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A hospital hiked the price of a routine childbirth by calling it an emergency

When Caitlin Wells Salerno and Jon Salernos first son, Hank, was born, his delivery cost the family only $30. Gus bill came in at more than $16,000, all told including the $2,755 ER charge. The family was responsible for about $3,600 of the total.

Originally published on October 27, 2021 9:56 am

As a conservation biologist, Caitlin Wells Salerno knows that some mammals like the golden-mantled ground squirrels she studies in the Rocky Mountains invest an insane amount of resources in their young. That didnt prepare her for the resources she would owe after the birth of her second son.

Wells Salerno went into labor on the eve of her due date, in the early weeks of coronavirus lockdowns in April 2020. She and her husband, Jon Salerno, were instructed to go through the emergency room doors at Poudre Valley Hospital in Fort Collins, Colo., because it was the only entrance open.

Despite the weird vibe of the pandemic era the emptiness, the quiet everything went smoothly. Wells Salerno felt well enough to decline the help of a nurse who offered to wheel her to the labor and delivery department. She even took a selfie, smiling as she entered the delivery room.

I was just thrilled that he was here and it was on his due date, so we didnt have to have an induction, she says. I was doing great.

Gus was born a healthy 10 pounds after about nine hours of labor, and the family went home the next morning.

Wells Salerno expected the bill for Gus birth to be heftier than the $30 shed been billed four years earlier for the delivery of her first child, Hank. Shed been a postdoctoral fellow in California, with top-notch insurance, when Hank was born. They were braced to pay more for Gus delivery but how much more?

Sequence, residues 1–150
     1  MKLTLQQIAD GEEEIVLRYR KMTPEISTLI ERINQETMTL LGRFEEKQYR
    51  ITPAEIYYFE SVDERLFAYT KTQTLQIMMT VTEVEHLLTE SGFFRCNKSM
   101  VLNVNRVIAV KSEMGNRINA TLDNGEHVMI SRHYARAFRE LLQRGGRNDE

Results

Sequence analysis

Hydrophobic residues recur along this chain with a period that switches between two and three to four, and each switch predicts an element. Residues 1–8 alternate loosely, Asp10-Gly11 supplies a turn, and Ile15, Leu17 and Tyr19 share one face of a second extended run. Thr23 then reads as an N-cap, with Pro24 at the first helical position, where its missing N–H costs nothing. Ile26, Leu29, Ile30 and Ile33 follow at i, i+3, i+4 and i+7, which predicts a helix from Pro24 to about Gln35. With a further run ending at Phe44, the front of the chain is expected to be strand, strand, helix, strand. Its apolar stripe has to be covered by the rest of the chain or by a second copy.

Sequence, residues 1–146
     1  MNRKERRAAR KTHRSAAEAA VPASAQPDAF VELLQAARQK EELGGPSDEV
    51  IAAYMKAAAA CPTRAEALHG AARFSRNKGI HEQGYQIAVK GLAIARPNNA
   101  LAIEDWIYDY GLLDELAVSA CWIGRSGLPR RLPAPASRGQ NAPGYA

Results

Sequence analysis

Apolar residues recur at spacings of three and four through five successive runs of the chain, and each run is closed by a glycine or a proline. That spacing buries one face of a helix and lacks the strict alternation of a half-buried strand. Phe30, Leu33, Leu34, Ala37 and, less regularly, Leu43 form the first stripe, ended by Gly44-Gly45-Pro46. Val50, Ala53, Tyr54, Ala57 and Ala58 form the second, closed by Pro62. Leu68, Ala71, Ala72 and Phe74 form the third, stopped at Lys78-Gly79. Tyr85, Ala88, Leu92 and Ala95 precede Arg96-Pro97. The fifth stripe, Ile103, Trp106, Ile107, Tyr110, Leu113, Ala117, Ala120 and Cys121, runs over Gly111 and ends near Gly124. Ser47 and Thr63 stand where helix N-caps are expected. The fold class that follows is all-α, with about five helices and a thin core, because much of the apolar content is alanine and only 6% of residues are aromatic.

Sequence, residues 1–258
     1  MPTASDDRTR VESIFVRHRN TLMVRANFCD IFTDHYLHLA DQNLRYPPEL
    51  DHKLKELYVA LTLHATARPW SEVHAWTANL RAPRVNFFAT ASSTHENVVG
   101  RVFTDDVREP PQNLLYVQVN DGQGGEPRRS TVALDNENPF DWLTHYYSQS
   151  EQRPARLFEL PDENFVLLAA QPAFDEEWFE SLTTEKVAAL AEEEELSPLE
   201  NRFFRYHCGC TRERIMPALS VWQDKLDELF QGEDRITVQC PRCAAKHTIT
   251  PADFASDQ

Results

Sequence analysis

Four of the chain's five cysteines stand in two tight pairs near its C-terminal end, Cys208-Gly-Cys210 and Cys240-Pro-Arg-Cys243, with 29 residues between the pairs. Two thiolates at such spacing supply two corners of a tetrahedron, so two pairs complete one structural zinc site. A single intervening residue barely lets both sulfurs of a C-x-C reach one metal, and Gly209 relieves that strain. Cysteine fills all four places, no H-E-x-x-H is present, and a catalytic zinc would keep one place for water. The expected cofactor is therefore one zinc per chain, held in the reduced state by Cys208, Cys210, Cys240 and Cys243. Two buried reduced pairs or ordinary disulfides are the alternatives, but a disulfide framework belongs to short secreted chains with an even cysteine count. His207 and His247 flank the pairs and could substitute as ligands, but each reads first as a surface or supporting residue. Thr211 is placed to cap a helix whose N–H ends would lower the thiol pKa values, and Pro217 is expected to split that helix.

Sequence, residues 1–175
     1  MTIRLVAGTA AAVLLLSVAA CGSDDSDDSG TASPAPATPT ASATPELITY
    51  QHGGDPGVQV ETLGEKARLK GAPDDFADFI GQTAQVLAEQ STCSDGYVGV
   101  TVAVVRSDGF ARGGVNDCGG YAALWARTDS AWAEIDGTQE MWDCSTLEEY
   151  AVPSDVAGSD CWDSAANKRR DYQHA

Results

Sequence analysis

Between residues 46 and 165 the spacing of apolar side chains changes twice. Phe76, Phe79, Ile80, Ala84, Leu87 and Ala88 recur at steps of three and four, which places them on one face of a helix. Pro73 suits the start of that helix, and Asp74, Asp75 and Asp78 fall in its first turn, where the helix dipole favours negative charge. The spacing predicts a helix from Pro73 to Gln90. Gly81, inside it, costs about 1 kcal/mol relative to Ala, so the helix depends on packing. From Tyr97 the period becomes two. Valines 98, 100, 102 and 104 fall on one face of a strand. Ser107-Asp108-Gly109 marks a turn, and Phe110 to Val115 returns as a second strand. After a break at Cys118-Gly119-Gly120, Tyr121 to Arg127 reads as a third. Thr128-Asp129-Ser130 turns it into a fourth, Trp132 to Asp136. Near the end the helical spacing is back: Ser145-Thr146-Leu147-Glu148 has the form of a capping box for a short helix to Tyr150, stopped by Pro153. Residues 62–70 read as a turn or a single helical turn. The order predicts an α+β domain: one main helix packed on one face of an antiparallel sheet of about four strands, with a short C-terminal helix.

The patient:Caitlin Wells Salerno, a conservation biologist at Colorado State University and a principal investigator at Rocky Mountain Biological Laboratory. She is insured by Anthem Blue Cross Blue Shield through her job.

Medical service:A routine vaginal delivery of a full-term infant.

Total bill:$16,221.26. The Anthem BCBS negotiated rate was $14,550. Insurance paid $10,940.91 and the family paid the remaining $3,609.09 to the hospital.

Service provider:Poudre Valley Hospitalin Fort Collins, Colo., operated by UCHealth, anonprofithealth system.

What gives:In a system that has evolved to bill for anything and everything, a quick exam to evaluate labor in a small triage room can generate substantial charges.

The total bill was huge, but what really made Wells Salernos eyes pop was the $2,755 charge for Level 5 emergency services included in that total. It didnt make any sense.

Emergency room visits are coded from Level 1 to Level 5, with each higher level garnering more generous reimbursement, in theory commensurate with the work required.Dr. Renee Hsia, a professor of emergency medicine and health policy at the University of California, San Francisco and a practicing ER doctor, says Level 5 charges are supposed to be reserved for serious cases a severe threat to life or very complicated, resource-intense cases not for patients who can walk through a hospital on their own.